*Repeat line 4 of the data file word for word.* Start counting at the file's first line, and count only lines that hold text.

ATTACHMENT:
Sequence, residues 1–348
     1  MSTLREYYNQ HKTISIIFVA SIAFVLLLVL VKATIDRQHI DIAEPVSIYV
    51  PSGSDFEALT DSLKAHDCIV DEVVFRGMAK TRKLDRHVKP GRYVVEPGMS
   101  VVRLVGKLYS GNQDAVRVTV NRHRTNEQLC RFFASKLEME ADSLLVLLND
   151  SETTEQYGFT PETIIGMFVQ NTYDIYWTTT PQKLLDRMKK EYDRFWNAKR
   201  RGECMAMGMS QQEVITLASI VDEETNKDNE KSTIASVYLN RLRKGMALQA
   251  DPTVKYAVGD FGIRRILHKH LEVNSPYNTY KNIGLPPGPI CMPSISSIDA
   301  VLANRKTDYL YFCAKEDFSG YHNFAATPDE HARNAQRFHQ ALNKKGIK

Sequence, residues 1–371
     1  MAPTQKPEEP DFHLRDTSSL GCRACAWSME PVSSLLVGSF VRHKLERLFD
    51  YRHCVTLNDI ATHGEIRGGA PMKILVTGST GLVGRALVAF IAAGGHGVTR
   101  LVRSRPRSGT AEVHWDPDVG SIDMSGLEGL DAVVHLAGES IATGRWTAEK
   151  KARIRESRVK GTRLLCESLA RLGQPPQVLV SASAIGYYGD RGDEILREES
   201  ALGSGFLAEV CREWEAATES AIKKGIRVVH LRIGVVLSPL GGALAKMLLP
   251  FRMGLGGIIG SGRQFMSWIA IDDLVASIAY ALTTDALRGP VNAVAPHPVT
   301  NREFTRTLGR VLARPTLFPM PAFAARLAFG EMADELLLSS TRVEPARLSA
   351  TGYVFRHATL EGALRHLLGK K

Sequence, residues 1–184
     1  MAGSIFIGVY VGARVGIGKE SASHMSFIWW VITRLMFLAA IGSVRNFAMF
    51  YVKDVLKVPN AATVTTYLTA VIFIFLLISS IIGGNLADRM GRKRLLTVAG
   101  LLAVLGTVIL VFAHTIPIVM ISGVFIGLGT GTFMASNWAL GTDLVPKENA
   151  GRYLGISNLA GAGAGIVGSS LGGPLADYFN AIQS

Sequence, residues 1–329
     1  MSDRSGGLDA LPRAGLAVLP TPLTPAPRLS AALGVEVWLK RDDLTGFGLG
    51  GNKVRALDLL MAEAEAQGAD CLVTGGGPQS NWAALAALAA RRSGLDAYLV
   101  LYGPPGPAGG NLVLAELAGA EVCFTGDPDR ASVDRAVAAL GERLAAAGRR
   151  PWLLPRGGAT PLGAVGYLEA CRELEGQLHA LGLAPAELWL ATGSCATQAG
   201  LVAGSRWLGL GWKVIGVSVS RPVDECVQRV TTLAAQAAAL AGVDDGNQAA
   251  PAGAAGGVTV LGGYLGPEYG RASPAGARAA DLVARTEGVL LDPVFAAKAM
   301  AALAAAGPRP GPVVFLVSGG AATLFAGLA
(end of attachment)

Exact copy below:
   101  VVRLVGKLYS GNQDAVRVTV NRHRTNEQLC RFFASKLEME ADSLLVLLND